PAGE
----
I have to preface this post with a warning: I went to Bowdoin, not Bates. I am also not in the same league of fishermen as Keith, Jake, etc…Before I went fishing with Keith, my crowning fishing achievements were 1) catching a tagged striper which I got $10 for returning the tag and 2) catching a flounder with a 10 inch Twizzler (the licorice).
Keith had taken me out 2 weekends earlier on my first offshore trip; a trip that can only be described as the best 24 hours of my life. I met up with Keith again on the 4th of July out on L’hommedieu (meeting up with people in the middle of the water is much cooler than meeting them on land). We decided we would try to catch some scup and liveline them off the shoal before the 4th of July fireworks went off. This plan was pretty much abandoned after catching 20 scup the size of an iPod. We then headed into the harbor to pick up a man known as “the Docta.” He jumped onboard carrying a bag of Coors Original, banquet beers…Coors heavy if you will…a man’s beer…I figured we would get along. After a night of watching fireworks, sipping out of golden cans, and trying to get Offshore Investments II under the Great Pond bridge, we racked out at my place on Great Pond around 23:30 dreams of tuna dancing in our heads.
We woke up at 2:50am and met up with Jake, who, unlike the docta, was actually in the medical field. We hopped on the boat, crawled out of the no wake zone in Waqoit, then cruised east. I am not sure when the sun came up, because we couldn’t see a damn thing, but I think we made good time, passing some larger boats en route. We headed towards our waypoints, but the fish weren’t there to greet us. After puttin around in ¼ mile visibility for a few hours and seeing limited signs of life, we ran into an oasis of birds working over boiling water. The splashes were not exactly tuna-sized, and once we got closer we realized that the fish were large stripers in the 20 pound range. I cast into the frenzy and on the 3rd cast a nice fish (probably the largest striper I have ever caught) inhaled the wooden popper. I was surprised at how easily I hauled it in with Keith’s diesel spinning outfit which was equipped to handle tuna. The amount of keeper-sized bass in the area was described as “annoying,” as we assumed we would have to keep peeling them off the squid bars. If we had had a tuna in the box, we could have had an epic session playing with some large bass on the surface, but we needed to get what we came for…tuna.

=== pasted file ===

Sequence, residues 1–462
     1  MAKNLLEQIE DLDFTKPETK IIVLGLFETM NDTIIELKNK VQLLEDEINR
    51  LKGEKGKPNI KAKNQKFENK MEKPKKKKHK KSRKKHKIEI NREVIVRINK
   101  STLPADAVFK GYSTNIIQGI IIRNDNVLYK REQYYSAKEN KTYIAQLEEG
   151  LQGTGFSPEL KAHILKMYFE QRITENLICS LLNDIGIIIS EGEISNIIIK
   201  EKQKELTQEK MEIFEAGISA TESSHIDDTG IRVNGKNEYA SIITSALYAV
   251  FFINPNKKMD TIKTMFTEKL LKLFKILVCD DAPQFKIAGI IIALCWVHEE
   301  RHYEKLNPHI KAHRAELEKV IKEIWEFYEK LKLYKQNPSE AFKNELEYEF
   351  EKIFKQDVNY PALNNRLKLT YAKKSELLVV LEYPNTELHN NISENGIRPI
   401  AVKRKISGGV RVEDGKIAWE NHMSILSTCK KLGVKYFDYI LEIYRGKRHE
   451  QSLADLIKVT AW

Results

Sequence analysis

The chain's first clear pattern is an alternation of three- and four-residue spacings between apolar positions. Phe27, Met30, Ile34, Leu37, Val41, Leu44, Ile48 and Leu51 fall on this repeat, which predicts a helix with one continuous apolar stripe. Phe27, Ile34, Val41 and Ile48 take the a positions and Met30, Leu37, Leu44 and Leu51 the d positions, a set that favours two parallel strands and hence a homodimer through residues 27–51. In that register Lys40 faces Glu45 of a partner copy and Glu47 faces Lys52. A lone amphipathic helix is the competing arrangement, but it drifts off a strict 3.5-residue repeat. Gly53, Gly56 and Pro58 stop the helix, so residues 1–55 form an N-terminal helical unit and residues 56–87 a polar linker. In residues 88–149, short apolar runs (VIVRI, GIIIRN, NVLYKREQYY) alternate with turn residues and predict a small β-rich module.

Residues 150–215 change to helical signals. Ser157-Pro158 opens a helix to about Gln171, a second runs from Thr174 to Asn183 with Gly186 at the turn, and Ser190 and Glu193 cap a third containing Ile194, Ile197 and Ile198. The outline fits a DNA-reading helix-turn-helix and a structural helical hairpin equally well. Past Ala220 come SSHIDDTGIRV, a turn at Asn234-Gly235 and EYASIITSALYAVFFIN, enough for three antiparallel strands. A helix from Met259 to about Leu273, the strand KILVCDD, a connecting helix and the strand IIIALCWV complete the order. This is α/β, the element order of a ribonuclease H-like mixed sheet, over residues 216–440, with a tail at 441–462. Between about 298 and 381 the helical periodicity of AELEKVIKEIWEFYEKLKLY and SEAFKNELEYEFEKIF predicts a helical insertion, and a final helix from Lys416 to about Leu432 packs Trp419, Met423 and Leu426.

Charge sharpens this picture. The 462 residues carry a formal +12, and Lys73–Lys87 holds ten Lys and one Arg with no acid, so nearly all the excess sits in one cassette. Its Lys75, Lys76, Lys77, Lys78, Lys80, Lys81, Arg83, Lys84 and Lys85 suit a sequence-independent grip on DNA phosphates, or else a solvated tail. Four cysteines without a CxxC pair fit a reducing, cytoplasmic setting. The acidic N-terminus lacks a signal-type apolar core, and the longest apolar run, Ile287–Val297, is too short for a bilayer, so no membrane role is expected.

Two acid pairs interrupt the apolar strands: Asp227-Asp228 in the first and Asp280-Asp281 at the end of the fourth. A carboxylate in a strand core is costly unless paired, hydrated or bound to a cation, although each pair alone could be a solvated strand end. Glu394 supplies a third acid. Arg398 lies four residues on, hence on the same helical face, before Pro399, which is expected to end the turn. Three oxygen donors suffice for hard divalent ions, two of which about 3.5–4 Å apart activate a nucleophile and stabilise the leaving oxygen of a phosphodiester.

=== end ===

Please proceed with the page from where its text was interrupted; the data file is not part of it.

We continued trolling along with the squid bars, when an outrigger snapped off…but a striper was on the other end of the line…still no tuna. We continued fishing and then it happened. The screaming Tiagra let us know for sure that we didn’t have an annoying striper on the end of the black rig…TUNA! Jake, who has caught several giants before (a good guy to have on board) worked the fish onboard like a salty vet. After a surgical gaff-job by the medical professionals, we had our first tuna onboard. The pressure was off, and the Skoal was back in.
A must have for every tacklebox
The adrenaline was flowing after another knockdown on the pink. Shortly thereafter we crossed directly over our final waypoint, BOOM, another tuna takes down the green bar with the same force that I devoured my late night pizza on Friday at 230am.
I had the honors of reeling in this beast, and the tuna reminded me why I need to work out after college. After a legitimate battle, the men on board executed a clean release of the fish, which also appeared to be in the 100+ range. After a blurry afternoon that included a fruitless pit stop at a striper spot off Monomoy, we headed home.
We arrived to Waqoit Bay as heroes, passing many amateurish-looking people on the way in. We looked very professional in our foul weather gear and a boat full of offshore gear (and most importantly, a bluefin in the fish box).
GQ said orange is in this summer
When I got back to my house, I was starting to feel like getting bleepfaced with some high school buddies at Hennessey’s on Thursday night and getting 5 hours of drunken sleep before the 2.5 hours on Friday night wasn’t such a great idea. It was starting to catch up to me in a big way. Apparently I fell asleep upstairs with the lights on at 4:45pm and woke up 9:45am the next day, sleeping through both dinner and breakfast, which is a personal record and I am sure close to a regional record.
Tuna fishing with Keith brought me to a different world; a world where 25 pound stripers were “annoying.” This was a new world to me, as I still freak out when I see schoolies boiling on the surface. I feel privileged that in two trips I have been able to learn trade secrets that have taken some fishermen decades to learn (I never would have guessed that chewless tobacco attracts fish). I need to start taking notes. However, I am back into fishing mode again, and now that Keith has introduced me to a wealth of online fishing resources, I will undoubtedly keep procrastinating at work, preparing for another weekend on the water.